The Man I Might Have Been

By George Sterling

Now, ere the grey and ghastly dawn
    Restore the heartening sun,
And Conscience, at his light withdrawn,
    Behold her toil undone,
With more than day's remorseful pow'r,
    To grimmest ghosts akin,
He comes to haunt a candid hour—
    The man I might have been.

Clear-visioned with betraying night,
    I count his merits o'er.
And get no comfort from the sight,
    Nor any cure therefor.
I'd mourn my desecrated years
    (His maimed and sorry twin),
But well he knows my makeshift tears—
    The man I might have been.

Decisively his looks declare
    The heart's divine success;
He held no parley with despair,
    Nor pact with wantonness;
He wanders with accustomed feet
    The heights I dreamt to win;
A sleepless hour, he finds it sweet—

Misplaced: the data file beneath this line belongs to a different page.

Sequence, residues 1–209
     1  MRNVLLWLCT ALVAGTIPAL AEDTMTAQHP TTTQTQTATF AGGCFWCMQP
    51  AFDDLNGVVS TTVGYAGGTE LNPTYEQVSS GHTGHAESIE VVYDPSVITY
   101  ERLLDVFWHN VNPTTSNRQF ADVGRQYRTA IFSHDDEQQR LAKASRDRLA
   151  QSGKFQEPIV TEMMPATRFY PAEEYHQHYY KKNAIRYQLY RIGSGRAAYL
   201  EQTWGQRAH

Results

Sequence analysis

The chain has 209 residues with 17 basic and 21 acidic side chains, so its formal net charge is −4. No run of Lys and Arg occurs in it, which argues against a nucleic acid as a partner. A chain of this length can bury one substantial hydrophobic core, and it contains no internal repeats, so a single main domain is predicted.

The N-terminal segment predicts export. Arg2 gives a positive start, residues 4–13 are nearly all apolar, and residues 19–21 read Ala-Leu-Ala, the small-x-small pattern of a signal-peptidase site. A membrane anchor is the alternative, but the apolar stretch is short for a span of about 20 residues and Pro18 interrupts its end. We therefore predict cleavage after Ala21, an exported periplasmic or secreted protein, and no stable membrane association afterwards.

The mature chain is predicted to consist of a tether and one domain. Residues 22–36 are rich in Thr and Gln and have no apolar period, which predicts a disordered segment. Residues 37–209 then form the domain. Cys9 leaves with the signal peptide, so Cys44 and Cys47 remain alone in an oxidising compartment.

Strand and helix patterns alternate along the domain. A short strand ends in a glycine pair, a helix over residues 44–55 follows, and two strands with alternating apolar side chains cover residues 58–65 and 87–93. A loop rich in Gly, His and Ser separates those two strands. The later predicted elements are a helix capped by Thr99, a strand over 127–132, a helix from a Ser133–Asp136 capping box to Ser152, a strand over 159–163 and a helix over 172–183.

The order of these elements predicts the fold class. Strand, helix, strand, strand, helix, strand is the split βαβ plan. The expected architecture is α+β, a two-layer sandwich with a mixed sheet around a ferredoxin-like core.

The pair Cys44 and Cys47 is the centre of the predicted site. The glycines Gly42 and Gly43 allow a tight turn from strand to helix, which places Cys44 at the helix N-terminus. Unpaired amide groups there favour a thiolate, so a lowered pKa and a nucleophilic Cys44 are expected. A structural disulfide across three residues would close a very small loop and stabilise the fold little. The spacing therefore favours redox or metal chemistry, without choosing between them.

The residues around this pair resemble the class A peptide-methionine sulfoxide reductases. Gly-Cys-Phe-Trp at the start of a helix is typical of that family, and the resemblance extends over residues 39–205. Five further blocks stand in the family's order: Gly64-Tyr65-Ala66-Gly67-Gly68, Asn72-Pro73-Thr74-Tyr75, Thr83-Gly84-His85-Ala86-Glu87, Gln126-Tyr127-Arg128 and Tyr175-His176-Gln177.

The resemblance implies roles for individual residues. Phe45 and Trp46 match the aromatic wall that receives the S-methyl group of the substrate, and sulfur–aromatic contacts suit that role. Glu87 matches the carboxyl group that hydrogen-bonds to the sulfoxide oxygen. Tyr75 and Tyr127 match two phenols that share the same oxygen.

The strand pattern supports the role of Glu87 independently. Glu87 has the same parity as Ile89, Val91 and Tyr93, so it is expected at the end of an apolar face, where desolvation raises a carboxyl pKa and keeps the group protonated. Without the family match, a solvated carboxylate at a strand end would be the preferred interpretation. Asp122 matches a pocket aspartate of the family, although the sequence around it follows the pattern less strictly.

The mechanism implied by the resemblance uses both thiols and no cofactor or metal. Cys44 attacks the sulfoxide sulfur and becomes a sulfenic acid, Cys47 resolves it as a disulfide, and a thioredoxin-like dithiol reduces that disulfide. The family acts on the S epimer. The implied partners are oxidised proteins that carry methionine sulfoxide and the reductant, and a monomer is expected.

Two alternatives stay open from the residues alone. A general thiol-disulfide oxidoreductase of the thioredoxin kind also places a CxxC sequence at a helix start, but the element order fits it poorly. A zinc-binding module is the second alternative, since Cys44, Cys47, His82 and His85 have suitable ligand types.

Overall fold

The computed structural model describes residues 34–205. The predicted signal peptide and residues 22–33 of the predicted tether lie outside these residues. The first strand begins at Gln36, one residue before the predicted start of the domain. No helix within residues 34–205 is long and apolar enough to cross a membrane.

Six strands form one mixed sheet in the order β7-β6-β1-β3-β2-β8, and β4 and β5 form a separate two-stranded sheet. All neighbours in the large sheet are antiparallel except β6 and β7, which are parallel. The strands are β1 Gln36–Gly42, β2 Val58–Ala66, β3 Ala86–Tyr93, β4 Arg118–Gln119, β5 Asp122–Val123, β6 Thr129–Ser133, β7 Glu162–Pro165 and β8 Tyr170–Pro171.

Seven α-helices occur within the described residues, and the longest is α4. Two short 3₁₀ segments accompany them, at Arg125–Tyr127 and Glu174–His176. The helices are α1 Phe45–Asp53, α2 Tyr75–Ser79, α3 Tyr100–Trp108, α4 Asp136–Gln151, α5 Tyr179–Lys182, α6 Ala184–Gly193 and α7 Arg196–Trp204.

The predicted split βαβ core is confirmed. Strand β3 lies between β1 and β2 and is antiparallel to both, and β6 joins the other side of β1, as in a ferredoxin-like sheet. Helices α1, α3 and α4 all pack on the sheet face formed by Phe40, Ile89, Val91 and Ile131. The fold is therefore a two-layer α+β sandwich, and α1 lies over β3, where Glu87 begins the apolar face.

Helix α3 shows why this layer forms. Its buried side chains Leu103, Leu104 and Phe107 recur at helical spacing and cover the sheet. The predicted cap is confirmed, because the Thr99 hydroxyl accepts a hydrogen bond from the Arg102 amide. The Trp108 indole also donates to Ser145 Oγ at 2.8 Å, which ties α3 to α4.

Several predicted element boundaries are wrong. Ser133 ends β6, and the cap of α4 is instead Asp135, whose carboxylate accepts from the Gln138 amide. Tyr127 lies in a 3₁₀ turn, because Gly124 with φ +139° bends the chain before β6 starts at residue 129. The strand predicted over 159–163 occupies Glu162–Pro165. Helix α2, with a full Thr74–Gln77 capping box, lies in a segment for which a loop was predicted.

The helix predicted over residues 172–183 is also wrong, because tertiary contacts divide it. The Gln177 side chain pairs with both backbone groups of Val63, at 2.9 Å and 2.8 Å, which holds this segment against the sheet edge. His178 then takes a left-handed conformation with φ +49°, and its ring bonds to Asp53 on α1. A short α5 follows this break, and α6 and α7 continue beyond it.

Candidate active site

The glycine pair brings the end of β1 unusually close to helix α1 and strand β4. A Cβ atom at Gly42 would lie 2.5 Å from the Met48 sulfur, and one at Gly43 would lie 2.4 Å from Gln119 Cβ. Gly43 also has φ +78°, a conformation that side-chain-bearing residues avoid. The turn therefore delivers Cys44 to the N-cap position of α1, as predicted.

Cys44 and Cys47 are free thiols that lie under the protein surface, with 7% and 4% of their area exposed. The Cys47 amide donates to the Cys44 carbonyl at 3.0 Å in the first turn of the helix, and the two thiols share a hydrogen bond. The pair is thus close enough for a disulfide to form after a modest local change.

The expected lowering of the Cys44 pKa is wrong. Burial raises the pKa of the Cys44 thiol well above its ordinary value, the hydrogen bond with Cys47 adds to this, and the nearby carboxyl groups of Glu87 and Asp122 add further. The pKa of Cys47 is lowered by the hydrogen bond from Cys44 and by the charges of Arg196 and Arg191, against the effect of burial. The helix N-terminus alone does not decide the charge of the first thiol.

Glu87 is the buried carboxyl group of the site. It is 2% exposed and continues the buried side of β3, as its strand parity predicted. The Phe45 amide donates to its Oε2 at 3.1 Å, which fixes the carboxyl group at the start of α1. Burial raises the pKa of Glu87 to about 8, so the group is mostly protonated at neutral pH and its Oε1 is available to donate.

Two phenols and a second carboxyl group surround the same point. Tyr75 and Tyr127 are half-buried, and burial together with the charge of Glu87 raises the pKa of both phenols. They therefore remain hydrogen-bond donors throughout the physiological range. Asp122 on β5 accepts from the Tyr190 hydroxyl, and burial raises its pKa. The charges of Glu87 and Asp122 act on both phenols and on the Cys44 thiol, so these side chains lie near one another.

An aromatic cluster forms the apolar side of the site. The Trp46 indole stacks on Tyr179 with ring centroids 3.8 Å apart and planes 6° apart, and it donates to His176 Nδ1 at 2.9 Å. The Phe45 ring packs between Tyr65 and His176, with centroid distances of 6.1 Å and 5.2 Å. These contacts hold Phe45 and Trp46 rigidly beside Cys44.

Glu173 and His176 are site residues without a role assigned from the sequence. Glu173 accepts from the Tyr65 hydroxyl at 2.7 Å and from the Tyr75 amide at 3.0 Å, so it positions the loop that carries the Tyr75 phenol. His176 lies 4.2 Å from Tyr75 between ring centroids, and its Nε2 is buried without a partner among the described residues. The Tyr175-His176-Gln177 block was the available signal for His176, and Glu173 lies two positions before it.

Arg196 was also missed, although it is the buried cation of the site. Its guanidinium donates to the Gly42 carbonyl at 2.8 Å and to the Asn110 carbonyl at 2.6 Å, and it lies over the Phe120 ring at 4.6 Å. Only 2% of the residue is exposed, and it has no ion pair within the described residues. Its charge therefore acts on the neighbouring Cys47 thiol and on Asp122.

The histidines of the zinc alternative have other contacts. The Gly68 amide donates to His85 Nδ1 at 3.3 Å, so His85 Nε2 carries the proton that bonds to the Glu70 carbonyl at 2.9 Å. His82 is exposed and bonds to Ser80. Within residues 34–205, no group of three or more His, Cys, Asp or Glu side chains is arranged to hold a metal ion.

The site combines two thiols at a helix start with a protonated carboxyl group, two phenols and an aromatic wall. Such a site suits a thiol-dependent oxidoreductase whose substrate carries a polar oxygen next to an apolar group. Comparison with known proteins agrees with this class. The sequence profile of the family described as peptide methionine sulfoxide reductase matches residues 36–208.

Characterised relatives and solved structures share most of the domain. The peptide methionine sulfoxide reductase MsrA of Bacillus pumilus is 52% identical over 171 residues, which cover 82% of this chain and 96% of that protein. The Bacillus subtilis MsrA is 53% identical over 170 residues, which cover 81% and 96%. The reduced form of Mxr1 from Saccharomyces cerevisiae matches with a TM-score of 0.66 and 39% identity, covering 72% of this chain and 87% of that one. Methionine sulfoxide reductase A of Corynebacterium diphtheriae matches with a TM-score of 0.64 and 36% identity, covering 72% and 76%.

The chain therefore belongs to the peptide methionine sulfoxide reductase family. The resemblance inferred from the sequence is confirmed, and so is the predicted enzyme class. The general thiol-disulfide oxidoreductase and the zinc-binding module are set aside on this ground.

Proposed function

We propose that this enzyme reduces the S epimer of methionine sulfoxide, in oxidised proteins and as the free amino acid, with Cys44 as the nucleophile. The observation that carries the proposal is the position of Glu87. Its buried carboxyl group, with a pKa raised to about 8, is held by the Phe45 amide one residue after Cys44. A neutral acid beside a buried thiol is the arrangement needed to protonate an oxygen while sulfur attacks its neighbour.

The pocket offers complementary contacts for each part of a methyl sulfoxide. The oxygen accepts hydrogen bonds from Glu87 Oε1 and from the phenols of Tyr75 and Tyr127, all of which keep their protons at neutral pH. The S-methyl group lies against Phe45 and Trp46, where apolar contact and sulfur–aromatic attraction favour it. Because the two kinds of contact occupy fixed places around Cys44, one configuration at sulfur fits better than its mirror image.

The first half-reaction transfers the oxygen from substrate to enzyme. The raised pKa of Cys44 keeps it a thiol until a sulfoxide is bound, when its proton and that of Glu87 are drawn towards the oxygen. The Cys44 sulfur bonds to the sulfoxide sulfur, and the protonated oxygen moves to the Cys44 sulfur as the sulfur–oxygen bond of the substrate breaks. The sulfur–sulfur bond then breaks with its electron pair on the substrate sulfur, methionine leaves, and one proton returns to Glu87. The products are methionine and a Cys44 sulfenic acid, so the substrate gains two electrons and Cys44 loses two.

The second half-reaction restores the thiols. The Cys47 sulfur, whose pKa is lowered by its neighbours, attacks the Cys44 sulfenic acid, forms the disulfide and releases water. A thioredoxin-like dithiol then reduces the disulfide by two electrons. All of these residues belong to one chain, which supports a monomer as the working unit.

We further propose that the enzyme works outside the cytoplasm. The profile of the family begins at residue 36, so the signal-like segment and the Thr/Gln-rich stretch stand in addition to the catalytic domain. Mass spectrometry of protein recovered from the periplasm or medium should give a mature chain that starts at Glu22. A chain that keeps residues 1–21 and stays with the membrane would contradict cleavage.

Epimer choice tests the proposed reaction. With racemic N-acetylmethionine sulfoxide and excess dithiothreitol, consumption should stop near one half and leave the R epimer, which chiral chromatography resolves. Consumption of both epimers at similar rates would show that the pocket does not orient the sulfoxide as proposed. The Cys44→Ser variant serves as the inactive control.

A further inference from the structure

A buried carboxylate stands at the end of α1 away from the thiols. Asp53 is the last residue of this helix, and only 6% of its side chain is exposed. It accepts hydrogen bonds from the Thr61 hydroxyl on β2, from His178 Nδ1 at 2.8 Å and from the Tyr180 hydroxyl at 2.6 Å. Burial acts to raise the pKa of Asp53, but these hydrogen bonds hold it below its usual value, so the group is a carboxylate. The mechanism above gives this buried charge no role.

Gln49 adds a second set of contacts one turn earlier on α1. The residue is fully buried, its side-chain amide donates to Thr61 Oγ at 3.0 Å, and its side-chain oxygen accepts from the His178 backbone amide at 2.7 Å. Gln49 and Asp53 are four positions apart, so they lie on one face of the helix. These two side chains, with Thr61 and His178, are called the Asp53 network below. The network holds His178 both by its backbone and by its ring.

The man I might have been.

His station in the ranks of good
    I view with joyless eyes;
His victories o'er self withstood
    Denying I surmise.
Tho' reason slay him at a glance,
    The mirth of Death agrin
Defines him master of mischance—
    The man I might have been.

Whenas I ponder in my pride
    (An after-dream of day)
If thus the wilful gods deride
    My will to scorn the clay,
He comes, where jealous of their youth
    I nurse a starveling sin,
To sting me with the acrid truth—
    The man I might have been.

Tho' half I deem my gentle friends
    Would love him less than me,
No less the daunting wraith attends
    The dark's sincerity.
O Fates that held us at your choice,
    How strange a web ye spin I
Why chose ye not with equal voice
    The man I might have been.

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